Acting FCC Chairman Michael Copps says that democracy runs on information, and that two decades of consolidation are taking a toll on its availability. He sees an obvious decline in the quality of both print and broadcast journalism, and believes that strong intervention may be needed to turn the situation around. Among the steps he would take are a stronger public interest requirement and a reduction in license terms from eight to three years.
The National Association of Broadcasters took immediate issue with the license term proposal. EVP Dennis Wharton stated, “NAB would respectfully oppose attempts to shorten license renewal terms. Congress wisely reformed license renewal terms to allow broadcasters to better compete against our pay platform competitors. Reducing a broadcaster’s term of license would actually harm localism by injecting greater uncertainty into a business model facing the worst advertising downturn in decades.”
Appearing at a conference sponsored by watchdog Free Press, Copps wondered, “will ‘old media’ stalwarts like newspapers and broadcasting simply disappear—or will they adapt and survive? “ He thinks survival is possible, and necessary.
“Paraphrase James Carville if you like: It’s the democracy, stupid. A democracy runs on information. Information is how we make intelligent decisions about our future and how we hold the powerful accountable. Deprive citizens of relevant, accurate, and timely information and you deprive them of their ability to govern themselves. Indeed, if you look at the three core values of our media policy from time immemorial—localism, diversity and competition—they are really aimed at a single goal: to ensure that the American people have access to a wide range of information on issues of public concern.”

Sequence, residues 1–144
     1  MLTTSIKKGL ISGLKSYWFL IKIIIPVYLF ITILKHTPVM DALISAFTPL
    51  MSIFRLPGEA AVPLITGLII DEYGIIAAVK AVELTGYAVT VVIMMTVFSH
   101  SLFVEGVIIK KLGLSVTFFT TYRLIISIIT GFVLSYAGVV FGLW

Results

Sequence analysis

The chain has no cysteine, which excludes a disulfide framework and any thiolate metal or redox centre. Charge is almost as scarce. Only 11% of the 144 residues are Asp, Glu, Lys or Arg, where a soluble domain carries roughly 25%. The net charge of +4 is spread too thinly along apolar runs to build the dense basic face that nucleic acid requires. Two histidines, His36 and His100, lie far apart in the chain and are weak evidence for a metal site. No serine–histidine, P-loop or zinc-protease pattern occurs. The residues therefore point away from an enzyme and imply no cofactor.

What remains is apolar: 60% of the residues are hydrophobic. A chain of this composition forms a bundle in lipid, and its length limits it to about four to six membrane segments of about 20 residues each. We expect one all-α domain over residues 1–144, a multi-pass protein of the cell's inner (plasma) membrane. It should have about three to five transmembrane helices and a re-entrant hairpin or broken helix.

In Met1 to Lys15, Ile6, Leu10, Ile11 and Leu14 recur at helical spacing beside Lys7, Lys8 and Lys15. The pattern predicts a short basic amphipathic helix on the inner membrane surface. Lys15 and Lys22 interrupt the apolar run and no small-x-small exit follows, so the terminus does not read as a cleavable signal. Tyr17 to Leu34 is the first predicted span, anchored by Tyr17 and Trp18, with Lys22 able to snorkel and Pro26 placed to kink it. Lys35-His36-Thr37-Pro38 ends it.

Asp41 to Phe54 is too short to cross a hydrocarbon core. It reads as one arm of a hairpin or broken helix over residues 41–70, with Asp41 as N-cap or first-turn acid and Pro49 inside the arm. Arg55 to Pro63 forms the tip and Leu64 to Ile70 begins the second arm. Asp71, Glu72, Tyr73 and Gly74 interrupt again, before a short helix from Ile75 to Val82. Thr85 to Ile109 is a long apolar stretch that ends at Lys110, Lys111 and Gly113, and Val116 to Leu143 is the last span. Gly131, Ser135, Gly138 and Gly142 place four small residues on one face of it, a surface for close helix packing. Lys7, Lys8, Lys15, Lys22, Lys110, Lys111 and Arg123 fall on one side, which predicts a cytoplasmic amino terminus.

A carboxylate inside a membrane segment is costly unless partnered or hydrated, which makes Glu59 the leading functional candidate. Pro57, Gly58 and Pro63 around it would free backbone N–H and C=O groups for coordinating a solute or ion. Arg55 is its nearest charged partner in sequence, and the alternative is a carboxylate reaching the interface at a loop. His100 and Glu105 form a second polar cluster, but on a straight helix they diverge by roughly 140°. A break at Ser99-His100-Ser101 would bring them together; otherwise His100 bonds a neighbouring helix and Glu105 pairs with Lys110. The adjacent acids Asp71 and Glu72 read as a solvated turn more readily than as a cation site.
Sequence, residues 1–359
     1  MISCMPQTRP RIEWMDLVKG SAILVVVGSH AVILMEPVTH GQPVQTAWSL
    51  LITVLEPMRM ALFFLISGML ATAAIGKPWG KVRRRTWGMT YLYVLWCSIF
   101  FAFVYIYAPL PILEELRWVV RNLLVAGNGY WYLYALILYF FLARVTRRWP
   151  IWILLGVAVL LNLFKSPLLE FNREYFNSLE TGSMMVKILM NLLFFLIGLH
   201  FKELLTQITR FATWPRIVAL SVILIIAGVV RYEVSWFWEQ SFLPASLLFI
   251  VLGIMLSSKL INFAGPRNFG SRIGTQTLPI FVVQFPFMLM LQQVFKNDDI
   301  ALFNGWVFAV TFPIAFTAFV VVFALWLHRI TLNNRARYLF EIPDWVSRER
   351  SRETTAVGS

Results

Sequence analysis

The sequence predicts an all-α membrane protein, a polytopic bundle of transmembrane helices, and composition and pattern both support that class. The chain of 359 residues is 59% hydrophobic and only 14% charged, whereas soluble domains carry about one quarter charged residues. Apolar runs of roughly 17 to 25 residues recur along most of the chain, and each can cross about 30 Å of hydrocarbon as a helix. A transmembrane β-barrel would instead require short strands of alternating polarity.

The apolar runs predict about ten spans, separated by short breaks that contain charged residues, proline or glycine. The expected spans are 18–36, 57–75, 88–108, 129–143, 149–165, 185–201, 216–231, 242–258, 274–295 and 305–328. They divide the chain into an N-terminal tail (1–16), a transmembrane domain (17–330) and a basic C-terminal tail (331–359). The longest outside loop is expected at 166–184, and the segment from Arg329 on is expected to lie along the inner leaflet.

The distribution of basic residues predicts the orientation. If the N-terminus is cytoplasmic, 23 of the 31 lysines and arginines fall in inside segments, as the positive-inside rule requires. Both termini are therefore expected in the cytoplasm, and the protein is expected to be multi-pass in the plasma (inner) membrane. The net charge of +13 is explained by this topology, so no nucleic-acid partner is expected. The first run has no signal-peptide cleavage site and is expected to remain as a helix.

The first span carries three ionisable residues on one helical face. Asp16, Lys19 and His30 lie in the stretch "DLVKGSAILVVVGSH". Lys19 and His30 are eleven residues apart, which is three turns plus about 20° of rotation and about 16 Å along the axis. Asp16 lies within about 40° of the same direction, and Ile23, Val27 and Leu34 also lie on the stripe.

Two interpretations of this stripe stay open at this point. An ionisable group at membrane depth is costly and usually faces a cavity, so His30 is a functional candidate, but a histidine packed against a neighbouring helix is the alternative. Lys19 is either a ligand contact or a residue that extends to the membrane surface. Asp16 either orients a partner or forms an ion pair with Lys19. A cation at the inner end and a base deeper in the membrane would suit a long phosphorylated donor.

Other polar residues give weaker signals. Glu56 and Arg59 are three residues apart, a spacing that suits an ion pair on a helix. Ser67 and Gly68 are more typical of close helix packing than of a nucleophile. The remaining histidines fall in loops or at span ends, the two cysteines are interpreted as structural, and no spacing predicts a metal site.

Was consolidation a problem? He said, “…consolidation and mindless deregulation, rather than reviving the news business, condemned us to less real news, less serious political coverage, less diversity of opinion, less minority and female ownership, less investigative journalism and fewer jobs for journalists.”
Copps noted that journalism and profit can coexist, but with huge out-of-town corporations using all of their income for debt service, it’s no wonder that journalism is in crisis. He would open to considering any number of remedies, including a non-profit approach to journalism.
RBR/TVBR observation: We always get back to the words localism, competition and diversity – all three of which are very open-ended and subject to interpretation. Let’s add another word: realism. It is currently unrealistic to expect every broadcast station to run local news – there just isn’t enough of a market for it to go around. And if that plank is impossible to satisfy, the entire house of cards starts to fall.